Additionally, the FAA temporarily halted flights out of Nashville due to the telecommunications issues.
"A big orange fireball"
One eyewitness, Noelle Rasmussen, said in an interview on CBSN that her family was awakened early Christmas morning by police knocking on their door and telling them to evacuate immediately due to a safety threat in the neighborhood. As they were driving away, she turned and saw "a huge explosion" tear through the street.
There was "a big orange fireball up in the air, about twice as tall as our building," she said. "It looks like the whole front side of our building's been blown off."
Her voice grew emotional as she continued, "I'm so glad we left. I'm so glad we have our kids. And above anything else, I am so glad for those officers that walked into a building that they knew was a dangerous spot to be and, you know, woke us up and got us out. I'm so grateful."
Nashville Mayor John Cooper said he toured the destruction zone and that "we are very lucky" there weren't more injuries.
"It's not a very populated area but the people in the buildings adjacent mostly are fine and have been evacuated," Cooper said.
CBS News chief Justice and Homeland Security correspondent Jeff Pegues reports federal resources are flowing to the scene. Sources tell him the ATF has certified fire investigators and certified explosives specialists at the scene, and that ATF personnel are also working offsite to create a timeline of the incident.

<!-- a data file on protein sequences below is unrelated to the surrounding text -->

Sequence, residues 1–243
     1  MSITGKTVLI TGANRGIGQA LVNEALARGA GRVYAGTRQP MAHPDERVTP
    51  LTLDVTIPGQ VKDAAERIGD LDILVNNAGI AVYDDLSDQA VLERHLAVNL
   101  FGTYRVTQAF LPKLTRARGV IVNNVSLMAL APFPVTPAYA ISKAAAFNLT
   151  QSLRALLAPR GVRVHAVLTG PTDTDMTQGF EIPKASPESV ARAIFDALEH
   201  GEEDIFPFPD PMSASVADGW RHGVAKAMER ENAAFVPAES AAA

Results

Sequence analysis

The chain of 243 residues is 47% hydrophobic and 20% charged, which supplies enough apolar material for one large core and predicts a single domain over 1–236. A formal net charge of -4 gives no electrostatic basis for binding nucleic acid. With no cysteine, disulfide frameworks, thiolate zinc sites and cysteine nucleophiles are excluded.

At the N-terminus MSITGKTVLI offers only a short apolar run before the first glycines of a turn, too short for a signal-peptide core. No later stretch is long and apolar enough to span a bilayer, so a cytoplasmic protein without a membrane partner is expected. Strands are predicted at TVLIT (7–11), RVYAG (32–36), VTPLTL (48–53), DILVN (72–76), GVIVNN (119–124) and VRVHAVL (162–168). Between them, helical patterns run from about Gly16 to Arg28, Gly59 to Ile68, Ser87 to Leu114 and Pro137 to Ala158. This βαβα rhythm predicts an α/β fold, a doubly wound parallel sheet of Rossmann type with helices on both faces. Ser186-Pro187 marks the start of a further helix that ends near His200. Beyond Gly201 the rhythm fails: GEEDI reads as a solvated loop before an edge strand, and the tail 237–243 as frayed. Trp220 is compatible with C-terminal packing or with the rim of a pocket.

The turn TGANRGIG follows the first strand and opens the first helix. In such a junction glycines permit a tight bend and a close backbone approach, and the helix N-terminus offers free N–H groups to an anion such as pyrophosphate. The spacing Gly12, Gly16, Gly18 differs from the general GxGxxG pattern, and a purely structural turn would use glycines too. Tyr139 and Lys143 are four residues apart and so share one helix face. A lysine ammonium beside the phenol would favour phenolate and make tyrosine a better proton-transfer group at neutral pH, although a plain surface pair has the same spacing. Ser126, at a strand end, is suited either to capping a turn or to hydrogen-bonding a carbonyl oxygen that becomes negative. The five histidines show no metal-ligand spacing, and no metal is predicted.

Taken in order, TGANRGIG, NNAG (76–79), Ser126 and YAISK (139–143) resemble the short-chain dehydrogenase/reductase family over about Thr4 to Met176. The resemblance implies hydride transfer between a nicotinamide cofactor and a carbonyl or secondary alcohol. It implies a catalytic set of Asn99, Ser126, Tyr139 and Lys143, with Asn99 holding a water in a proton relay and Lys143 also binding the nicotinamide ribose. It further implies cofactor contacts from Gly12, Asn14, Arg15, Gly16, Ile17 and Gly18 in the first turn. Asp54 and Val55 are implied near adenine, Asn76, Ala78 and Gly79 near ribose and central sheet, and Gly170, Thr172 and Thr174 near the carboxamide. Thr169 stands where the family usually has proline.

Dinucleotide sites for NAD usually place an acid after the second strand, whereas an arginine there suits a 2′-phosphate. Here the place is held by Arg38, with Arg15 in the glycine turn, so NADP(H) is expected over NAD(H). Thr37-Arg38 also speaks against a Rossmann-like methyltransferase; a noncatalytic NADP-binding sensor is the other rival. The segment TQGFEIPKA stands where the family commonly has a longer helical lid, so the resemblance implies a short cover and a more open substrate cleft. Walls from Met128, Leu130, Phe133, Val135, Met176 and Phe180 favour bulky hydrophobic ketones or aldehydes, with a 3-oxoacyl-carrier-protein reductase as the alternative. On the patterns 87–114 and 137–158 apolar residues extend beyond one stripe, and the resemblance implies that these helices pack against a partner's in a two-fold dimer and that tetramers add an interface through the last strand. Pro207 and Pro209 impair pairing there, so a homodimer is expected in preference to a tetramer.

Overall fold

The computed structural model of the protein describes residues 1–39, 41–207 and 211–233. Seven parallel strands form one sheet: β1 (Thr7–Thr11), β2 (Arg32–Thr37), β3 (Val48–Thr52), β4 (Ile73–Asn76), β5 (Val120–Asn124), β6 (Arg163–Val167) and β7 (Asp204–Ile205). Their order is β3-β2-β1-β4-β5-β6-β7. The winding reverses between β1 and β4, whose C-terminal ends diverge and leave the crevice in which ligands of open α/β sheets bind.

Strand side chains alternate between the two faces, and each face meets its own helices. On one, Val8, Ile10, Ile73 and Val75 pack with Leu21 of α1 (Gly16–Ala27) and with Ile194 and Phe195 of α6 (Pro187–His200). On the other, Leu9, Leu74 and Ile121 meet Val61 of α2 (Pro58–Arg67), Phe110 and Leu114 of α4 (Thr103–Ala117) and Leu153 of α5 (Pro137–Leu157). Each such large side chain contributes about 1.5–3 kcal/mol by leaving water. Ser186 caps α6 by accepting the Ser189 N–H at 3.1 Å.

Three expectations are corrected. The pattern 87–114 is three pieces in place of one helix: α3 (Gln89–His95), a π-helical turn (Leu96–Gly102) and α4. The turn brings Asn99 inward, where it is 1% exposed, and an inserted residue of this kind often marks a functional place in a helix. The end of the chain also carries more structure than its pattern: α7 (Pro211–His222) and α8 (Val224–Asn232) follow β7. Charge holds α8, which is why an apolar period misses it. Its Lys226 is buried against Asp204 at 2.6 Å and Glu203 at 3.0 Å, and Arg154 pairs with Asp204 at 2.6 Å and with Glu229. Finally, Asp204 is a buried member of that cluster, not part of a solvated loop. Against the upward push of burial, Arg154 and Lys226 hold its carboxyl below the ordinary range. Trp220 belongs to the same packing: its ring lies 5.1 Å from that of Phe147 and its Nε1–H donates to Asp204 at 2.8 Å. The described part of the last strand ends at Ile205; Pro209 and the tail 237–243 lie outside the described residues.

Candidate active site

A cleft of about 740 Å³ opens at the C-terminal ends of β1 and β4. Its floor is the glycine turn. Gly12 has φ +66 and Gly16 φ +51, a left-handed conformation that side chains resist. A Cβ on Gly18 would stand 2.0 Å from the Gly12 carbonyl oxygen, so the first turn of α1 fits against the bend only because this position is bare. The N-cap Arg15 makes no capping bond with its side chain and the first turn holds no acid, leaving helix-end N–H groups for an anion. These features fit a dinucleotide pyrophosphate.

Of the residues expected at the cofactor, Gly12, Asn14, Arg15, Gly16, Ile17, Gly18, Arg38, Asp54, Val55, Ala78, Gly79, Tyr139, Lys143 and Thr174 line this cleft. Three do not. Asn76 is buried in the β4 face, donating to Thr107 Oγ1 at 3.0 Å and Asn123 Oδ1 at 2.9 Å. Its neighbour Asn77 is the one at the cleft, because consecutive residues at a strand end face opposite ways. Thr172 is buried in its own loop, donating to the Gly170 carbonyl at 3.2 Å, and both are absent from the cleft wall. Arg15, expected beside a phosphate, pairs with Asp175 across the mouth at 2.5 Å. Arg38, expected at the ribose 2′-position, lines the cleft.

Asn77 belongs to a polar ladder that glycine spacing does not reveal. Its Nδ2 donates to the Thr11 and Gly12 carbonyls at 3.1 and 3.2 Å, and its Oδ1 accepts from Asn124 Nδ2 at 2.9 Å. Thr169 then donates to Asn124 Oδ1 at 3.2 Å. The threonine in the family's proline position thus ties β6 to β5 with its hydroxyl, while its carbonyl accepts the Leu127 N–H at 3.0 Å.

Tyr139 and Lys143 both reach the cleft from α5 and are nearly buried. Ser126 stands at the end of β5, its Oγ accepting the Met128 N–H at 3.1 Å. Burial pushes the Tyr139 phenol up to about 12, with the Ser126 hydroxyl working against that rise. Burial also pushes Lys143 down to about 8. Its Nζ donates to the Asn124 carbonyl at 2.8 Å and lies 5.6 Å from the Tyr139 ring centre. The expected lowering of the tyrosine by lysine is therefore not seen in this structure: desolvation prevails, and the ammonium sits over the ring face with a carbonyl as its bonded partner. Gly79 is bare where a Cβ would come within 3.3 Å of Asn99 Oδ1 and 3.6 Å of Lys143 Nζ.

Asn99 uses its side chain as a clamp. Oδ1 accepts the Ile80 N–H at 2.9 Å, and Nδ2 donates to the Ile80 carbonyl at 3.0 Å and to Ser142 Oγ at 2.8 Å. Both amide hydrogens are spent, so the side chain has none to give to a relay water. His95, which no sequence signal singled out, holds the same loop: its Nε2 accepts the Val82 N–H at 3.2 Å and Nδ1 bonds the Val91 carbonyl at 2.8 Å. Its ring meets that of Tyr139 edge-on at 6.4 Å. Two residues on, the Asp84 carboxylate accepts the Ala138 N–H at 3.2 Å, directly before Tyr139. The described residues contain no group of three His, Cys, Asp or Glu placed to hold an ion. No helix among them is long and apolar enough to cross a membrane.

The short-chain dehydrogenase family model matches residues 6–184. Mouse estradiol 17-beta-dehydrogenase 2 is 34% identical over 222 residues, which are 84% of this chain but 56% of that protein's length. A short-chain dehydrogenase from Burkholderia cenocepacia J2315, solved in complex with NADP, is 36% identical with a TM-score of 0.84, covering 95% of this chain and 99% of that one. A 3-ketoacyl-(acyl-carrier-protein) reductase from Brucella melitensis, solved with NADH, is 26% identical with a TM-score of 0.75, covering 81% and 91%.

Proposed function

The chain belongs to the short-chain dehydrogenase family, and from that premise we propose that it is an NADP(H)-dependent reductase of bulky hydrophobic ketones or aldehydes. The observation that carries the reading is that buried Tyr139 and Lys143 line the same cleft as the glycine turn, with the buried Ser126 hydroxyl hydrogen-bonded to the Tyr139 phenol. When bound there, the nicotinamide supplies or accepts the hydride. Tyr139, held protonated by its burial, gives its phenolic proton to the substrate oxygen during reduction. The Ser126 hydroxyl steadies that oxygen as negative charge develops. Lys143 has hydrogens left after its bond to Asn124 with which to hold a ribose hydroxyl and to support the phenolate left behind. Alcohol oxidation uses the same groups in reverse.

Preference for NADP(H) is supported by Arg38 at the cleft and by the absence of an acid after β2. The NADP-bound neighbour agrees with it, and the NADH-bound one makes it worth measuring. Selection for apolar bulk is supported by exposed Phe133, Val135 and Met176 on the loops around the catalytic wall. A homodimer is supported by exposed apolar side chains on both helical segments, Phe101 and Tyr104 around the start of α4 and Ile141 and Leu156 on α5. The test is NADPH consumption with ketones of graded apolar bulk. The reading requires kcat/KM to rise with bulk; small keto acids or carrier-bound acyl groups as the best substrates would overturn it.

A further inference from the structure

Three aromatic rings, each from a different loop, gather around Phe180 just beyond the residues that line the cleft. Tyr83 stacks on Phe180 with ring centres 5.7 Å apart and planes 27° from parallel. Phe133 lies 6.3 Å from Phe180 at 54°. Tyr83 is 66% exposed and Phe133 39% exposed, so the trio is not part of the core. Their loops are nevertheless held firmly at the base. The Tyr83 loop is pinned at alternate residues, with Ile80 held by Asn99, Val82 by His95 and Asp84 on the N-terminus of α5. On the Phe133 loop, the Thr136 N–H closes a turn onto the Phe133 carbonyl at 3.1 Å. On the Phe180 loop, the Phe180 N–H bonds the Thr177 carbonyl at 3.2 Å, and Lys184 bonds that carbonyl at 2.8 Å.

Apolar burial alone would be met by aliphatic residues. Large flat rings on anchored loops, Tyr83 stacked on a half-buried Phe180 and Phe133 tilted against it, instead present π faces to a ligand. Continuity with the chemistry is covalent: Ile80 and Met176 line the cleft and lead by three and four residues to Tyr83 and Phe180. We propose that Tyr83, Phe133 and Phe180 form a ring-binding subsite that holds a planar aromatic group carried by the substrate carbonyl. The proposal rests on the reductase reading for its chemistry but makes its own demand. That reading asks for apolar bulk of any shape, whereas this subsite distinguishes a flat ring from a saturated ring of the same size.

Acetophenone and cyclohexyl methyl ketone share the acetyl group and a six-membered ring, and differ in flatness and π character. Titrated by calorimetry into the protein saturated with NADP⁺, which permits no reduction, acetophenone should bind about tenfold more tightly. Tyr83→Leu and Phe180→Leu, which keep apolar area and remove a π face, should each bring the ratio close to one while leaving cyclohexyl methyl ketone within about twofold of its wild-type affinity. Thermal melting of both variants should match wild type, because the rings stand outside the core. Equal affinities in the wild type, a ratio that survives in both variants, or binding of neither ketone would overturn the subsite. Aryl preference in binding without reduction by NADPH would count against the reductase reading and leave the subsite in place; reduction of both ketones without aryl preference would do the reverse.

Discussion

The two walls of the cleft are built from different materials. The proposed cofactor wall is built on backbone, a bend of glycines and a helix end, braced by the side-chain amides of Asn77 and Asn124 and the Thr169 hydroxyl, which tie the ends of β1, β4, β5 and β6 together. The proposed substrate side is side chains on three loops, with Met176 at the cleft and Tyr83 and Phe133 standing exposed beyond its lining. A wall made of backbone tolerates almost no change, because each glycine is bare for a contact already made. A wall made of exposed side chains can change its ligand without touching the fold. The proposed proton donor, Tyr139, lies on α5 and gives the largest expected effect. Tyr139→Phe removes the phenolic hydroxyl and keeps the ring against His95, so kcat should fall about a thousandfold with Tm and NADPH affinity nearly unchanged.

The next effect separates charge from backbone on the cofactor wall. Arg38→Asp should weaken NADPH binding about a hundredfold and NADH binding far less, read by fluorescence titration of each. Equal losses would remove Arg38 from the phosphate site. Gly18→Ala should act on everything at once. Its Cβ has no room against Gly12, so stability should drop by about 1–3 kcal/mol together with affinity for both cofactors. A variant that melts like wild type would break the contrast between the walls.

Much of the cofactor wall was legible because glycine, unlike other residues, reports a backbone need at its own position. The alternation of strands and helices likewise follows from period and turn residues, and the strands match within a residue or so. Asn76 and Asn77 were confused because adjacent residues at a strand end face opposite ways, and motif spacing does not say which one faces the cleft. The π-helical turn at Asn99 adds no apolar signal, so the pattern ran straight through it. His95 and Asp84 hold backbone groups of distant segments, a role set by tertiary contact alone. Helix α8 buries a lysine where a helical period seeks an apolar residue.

A Department of Justice spokesperson said Acting Attorney General Jeff Rosen has "directed that all DOJ resources be made available to assist in the investigation."
A White House spokesperson saidhas been briefed on the explosion and will continue to receive regular updates. "The President is grateful for the incredible first responders and praying for those who were injured," deputy press secretary Judd Deere said in a statement.
President-elect Biden has also been briefed on the situation, his office said.
In the immediate aftermath of the blast, firefighters asked everyone in the area to move at least two blocks away due to concerns about any possible other explosions.
Metro Police and highway patrol officers were "conducting a shutdown" of the downtown area "while we assess this entire situation," the police spokesman said.
"Right now, it's a public safety concern, to make sure everybody is accounted for and to make sure the spread of the fire doesn't go any further," Michael Knight, a spokesman for the ATF in Nashville, told The Associated Press.
Buck McCoy, who lives near the area, said the windows of his home were entirely blown out.
"All my windows, every single one of them got blown into the next room. If I had been standing there it would have been horrible," he told The Associated Press.
"It felt like a bomb. It was that big."
CBS News digital producer Roman Feeser said he heard and felt the explosion at his home in East Nashville, three and half miles from the blast site.
"It woke us up at 6:30 a.m. and sent the dogs into a frenzy," he said.
The Associated Press contributed reporting.